Philips reaches first settlement in class-action CPAP lawsuit

Earlier this year, Philips set aside 575 million euros ($615 million) to prepare for a settlement over one set of complaints filed in the massive U.S. class-action lawsuit over the company’s ongoing recall of millions of CPAP and BiPAP machines, ventilators and other respiratory devices.

Like clockwork, that predicted settlement has now been reached, and Philips noted in an announcement Thursday that it will indeed be dipping into that provisional cash to cover the payouts.

The settlement—which is scheduled to be submitted to a federal court in Pennsylvania for approval later Thursday—covers only economic loss claims submitted through the class action. Hundreds of additional personal injury and wrongful death claims, plus requests for medical monitoring, still have yet to be tied off.

If approved by the court, according to Philips, the settlement will provide cash awards to all eligible users who file economic loss claims, with the award amount determined based on their device type. It’ll also extend the warranties on all replacement devices distributed by Philips and dole out additional payments to customers who return their recalled devices and to those who paid out of pocket for replacement machines after the recall began in June 2021.

Philips’ total cost for the settlement is still up in the air. It will depend on how many patients participate and the size of the additional fees levied by the court spanning notice, settlement administration and legal fees, all of which the Dutch conglomerate will be required to cover.

In a statement sent to Fierce Medtech, lawyers for the class action's plaintiffs said the company will start by paying at least $479 million into a settlement fund, with that number increasing as more recalled devices are returned. The device payment awards will range from about $55 to $1,552, plus another $100 for each device returned to Philips and additional awards to reimburse the costs of replacement devices.

Because the settlement fund is non-reversionary, anything left over after those payments are complete will be distributed to eligible complaint filers, according to the plaintiffs' legal team.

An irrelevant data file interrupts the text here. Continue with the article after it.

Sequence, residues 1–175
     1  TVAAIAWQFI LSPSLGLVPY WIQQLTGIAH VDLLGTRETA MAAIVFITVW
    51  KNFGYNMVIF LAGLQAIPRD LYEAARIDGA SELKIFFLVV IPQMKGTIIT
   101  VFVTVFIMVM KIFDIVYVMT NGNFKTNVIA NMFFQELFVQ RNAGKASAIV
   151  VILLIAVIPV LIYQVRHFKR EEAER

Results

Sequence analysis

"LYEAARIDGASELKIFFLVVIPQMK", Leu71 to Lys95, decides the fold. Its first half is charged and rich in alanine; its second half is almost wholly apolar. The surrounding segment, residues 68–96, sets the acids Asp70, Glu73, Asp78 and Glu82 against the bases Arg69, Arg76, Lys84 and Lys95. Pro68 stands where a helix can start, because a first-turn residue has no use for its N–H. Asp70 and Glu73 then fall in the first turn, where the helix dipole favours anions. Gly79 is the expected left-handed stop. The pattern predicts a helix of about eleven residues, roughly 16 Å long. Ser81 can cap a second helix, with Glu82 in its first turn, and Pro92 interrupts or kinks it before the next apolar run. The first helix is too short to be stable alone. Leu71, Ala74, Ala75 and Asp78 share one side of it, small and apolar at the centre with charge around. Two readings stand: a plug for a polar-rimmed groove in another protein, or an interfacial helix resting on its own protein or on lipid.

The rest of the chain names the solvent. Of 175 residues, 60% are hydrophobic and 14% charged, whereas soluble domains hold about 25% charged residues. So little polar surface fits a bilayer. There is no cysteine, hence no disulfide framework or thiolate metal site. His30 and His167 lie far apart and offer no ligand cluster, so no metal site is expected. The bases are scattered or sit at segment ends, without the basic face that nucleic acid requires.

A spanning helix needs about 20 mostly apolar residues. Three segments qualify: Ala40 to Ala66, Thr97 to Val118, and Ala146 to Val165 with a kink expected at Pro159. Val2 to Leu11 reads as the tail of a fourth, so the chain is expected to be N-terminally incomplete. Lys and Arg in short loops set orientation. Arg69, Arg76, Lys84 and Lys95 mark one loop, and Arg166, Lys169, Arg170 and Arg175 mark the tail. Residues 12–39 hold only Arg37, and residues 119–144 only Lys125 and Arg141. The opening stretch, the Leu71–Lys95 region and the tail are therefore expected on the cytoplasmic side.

Members of the class-action suit will be able to file a claim on the settlement’s official website once it’s approved. According to Philips, those payouts aren’t expected to begin until the first quarter of next year “at the earliest”—while customers who send their recalled machines back to the devicemaker will be “eligible to receive awards on an accelerated basis,” the plaintiffs’ attorneys noted.

The company added in the release that agreeing to the settlement “does not include or constitute any admission of liability, wrongdoing or fault by any of the Philips parties.”

In their statement, meanwhile, the plaintiffs’ attorneys called the agreement “an important step towards justice.”

“While this settlement marks a significant milestone, our work is far from finished,” they said. “We will continue to pursue personal injury and medical monitoring claims on behalf of all plaintiffs against Philips, which are specifically excluded from this resolution. We are confident in these claims, and we look forward to holding Philips accountable for the physical harms they caused patients.”

The plaintiffs' legal team includes attorneys from the firms Levin Sedran & Berman, Lynch Carpenter, Seeger Weiss and Chimicles Schwartz Kriner & Donaldson-Smith.

For its part, despite the tens of thousands of complaints that the FDA has tallied since the recall began two years ago, Philips has released test results suggesting that the disintegrating sound-abating foam at the heart of the recall “is unlikely to result in an appreciable harm to health in patients.” It’s in the process of attempting to get the noneconomic loss claims dismissed.